Kaja Kallas: Marriage referendum an EKRE provocation others should not join ({{contentCtrl.commentsTotal}})

Reform's leader Kaja Kallas in the ERR news house recently.
Reform's leader Kaja Kallas in the ERR news house recently. Source: Ken Mürk/ERR

The leaders of the Center Party and Isamaa should grow a backbone and not allow Estonia to be torn apart simply because it serves the interests of the Conservative People's Party (EKRE), chairman of the Reform Party Kaja Kallas writes.

We know that the coalition plans to bring to the Riigikogu its so-called democracy package this fall, one part of which calls for the Constitution to read that marriage is a union between a man and a woman.

First of all, it needs to be recalled that §1, sub-s 1 of the Family Act already states that marriage is entered into between a man and a woman. I have not heard of anyone seeking to change that. Therefore, putting the matter up for referendum is entirely pointless as I do not know a single political force in Estonia that would want to change it. The institution of marriage is not under attack in Estonia nor does it require constitutional protection.

But despite the institution not being under siege, the ruling parties have agreed to "organize a referendum over a proposal to define marriage as being between a man and a woman on the level of the Constitution as matter of miscellaneous national issue."

Holding the marriage referendum is an element of the national conservatives' elections campaign. Its chairman Martin Helme even said that the referendum was a cornerstone of EKRE's upcoming local elections campaign at the EKRE council meeting over the weekend.

EKRE are seeking to drive a wedge in society by using this provocation and I'm saddened to find that the Center Party and Isamaa have rather irresponsibly agreed to it. I would warn the heads of Center and Isamaa now that no one except EKRE stands to gain from such strong antagonism in society.

As the government has demonstrated that constitutional expertise is not one of its strong suits, as a member of the Riigikogu Constitutional Committee, allow me to recall a few points to help avoid any embarrassing incidents.

First of all, there are three ways to amend the Constitution:

at a referendum;
by two consecutive compositions of the Riigikogu;
or by the Riigikogu in expedited process.

The latter needs a majority of four-fifths to be initiated and a two-thirds majority to pass.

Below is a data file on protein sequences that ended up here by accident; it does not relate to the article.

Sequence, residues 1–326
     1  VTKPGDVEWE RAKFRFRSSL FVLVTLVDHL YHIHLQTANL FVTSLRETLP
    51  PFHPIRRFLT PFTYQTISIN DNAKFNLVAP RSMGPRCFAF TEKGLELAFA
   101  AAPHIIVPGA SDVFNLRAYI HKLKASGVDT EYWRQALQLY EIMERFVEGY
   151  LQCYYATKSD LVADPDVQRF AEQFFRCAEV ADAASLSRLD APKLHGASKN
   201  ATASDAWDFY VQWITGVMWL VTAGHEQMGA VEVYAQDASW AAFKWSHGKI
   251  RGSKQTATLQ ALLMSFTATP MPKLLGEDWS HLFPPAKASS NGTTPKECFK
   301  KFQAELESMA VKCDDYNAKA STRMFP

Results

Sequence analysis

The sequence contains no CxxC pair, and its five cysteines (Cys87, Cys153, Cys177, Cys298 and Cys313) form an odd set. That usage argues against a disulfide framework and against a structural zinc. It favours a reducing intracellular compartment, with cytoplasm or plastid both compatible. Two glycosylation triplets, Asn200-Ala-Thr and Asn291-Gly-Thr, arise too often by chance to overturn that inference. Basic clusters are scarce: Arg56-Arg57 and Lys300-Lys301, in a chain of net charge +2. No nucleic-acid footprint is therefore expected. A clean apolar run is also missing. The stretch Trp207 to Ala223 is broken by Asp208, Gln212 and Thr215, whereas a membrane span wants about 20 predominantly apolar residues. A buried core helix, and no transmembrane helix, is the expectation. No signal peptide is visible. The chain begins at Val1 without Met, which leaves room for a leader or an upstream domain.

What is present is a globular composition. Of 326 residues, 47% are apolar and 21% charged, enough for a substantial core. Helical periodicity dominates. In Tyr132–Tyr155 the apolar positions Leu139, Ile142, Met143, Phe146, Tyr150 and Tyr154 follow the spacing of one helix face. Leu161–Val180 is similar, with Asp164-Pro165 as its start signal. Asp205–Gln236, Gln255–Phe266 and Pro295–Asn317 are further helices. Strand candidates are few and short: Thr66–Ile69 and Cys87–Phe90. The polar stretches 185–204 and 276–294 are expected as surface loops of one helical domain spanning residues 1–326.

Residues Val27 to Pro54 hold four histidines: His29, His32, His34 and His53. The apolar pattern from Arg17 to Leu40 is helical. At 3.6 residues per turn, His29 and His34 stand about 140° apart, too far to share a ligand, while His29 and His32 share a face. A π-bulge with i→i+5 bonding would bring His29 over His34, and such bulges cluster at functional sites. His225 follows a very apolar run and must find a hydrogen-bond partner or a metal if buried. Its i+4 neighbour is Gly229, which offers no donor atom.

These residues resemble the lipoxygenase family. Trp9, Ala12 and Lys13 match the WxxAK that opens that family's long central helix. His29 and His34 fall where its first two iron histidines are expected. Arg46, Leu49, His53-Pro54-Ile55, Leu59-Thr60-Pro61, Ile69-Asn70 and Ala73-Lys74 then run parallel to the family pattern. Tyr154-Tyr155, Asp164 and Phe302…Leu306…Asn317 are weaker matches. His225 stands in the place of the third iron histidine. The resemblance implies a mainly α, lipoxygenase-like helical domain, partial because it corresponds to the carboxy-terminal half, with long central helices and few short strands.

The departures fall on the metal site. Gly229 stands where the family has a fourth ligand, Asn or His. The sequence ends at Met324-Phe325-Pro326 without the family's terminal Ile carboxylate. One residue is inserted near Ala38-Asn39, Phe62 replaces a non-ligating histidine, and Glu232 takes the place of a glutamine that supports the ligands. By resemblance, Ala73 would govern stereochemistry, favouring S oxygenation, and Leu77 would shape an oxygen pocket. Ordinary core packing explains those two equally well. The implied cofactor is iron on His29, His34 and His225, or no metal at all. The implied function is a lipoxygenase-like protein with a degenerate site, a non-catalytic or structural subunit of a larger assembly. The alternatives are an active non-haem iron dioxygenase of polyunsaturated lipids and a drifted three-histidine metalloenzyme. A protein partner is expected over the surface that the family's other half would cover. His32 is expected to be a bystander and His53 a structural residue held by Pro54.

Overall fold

If a constitutional amendment is put up for referendum and fails, the president has no choice but to declare extraordinary elections. The coalition aims to outsmart the Constitution by putting the amendment up for referendum as a miscellaneous national issue.

This is unconstitutional as the procedure for constitutional amendment is provided by the Constitution alongside the possible consequences of such a referendum.

Secondly, to put a constitutional amendment up for referendum, a three-fifths majority in the Riigikogu is required. Therefore, a constitutional amendment cannot be put up for referendum with just the coalition's votes as it would require support from 61 delegates.

Thirdly, tying such a referendum to local government council elections would cause a rift among voters because while referendums are open only to citizens, all residents can participate in local elections.

I'm sure that our eastern neighbor which has claimed mistreatment of Russians in Estonia all along would be thrilled to be able to show images of separate queues for citizens and non-citizens in Estonian polling stations.

Additionally, Vladimir Putin is likely overjoyed by Estonia's change of course and shift away from European values toward those practiced by Russia that recently held a similar referendum.

Next to the planned referendum being unconstitutional, it still remains unclear why have it in the first place. It is not a significant national matter, no one is attacking the institution of marriage and local elections have far more important topics that people really care about.

The heads of Center and Isamaa could take this opportunity to grow a backbone and not allow Estonia to be torn apart simply because it benefits one of the ruling parties. No item of a coalition agreement can be so important as to allow an unconstitutional play to split society for a long time to come.

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Editor: Marcus Turovski

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